Math R&R Project: Recruitment and Retention through a Gender and Race Affirming Space
Qualitative research has documented the significance of counterspaces for successful students of color in STEM. These spaces allow students to affirm their identities and communities as they navigate racialized and gendered experiences in their education. This project investigates the benefits of engaging in critical consciousness conversations about race and gender in an undergraduate calculus summer workshop. The conversations aimed to: 1) empower students with language and tools to make sense of and navigate racialized and gendered experiences in being a STEM major; 2) understand the distinction between and importance of personal responsibility and institutional factors for their success in the major. Outcome measures include students’ GPA, persistence, and their self-efficacy. We found that the 32 students participants, most with underrepresented backgrounds, achieved a higher GPA and persisted to the Spring term at greater rates than those students from the comparison group. Students who participated in at least three of the five critical conversations experienced notably greater outcomes compared to those students who participated in one or two critical conversations. The aim of the project and the findings reported here align with the theme of disrupting injustice in the current mathematics education system and promoting a more humane mathematics education.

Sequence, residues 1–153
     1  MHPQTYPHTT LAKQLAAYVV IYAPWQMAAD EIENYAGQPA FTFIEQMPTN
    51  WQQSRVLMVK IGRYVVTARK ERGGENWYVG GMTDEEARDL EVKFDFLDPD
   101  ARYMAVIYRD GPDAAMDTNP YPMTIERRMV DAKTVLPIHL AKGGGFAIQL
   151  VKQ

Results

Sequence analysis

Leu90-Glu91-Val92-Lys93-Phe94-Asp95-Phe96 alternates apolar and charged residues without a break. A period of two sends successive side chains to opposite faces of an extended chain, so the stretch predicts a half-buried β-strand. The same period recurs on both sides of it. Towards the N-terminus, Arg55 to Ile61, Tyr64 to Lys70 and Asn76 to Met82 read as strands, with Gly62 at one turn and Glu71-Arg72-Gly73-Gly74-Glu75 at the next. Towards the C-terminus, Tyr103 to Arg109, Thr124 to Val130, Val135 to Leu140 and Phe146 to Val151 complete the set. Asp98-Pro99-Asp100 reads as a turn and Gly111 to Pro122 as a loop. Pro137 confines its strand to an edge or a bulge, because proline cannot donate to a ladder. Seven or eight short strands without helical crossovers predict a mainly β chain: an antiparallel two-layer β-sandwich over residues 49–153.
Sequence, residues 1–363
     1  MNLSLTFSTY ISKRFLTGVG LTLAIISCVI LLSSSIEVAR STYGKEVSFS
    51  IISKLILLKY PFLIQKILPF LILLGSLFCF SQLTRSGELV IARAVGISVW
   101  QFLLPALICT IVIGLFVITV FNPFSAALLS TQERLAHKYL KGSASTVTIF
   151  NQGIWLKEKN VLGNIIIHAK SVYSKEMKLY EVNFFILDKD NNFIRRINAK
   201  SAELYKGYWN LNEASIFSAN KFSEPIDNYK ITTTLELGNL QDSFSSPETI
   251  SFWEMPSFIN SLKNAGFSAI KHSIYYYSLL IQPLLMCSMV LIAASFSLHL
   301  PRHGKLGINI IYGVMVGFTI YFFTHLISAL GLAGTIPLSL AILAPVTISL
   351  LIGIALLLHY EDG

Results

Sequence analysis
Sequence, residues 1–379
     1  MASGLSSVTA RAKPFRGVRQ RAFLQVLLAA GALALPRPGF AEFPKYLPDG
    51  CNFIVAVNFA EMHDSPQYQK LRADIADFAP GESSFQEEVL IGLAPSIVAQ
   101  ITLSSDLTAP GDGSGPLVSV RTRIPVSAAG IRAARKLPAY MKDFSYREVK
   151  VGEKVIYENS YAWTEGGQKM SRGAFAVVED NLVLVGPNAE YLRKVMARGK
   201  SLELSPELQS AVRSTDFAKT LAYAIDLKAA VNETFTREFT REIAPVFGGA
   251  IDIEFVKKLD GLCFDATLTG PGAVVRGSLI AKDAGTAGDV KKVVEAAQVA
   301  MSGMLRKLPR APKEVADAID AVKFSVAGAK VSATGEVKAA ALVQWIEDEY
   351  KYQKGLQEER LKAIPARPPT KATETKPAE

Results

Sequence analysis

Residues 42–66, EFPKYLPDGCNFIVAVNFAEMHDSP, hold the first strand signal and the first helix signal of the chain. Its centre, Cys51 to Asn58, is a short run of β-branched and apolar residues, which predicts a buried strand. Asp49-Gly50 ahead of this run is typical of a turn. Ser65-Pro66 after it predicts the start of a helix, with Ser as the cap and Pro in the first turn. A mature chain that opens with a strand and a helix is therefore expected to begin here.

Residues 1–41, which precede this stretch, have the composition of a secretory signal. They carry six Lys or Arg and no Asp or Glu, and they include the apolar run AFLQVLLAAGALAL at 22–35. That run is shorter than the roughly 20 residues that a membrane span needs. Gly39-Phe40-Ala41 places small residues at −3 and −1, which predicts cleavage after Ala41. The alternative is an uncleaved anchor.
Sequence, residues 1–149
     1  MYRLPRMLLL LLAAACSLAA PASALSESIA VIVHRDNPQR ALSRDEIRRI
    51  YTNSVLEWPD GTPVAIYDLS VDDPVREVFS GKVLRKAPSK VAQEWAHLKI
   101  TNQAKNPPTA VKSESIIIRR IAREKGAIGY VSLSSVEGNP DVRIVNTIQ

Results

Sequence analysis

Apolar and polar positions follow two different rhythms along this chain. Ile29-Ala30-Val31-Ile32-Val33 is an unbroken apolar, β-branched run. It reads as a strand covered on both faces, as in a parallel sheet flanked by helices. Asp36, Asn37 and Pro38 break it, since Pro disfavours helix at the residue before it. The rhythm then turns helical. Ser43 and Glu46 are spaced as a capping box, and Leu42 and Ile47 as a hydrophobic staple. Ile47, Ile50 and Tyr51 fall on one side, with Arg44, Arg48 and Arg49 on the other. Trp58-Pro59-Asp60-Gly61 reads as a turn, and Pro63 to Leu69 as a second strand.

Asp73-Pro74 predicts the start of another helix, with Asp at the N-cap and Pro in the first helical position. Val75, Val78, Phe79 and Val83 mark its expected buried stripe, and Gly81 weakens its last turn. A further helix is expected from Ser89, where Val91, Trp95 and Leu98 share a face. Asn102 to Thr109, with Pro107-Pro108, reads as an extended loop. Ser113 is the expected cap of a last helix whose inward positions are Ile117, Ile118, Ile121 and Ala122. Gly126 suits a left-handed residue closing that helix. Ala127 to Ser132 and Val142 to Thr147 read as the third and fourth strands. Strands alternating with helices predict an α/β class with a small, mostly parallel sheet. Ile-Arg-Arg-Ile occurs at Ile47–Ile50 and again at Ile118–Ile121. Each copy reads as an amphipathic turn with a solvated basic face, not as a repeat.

(Refreshments will be served.)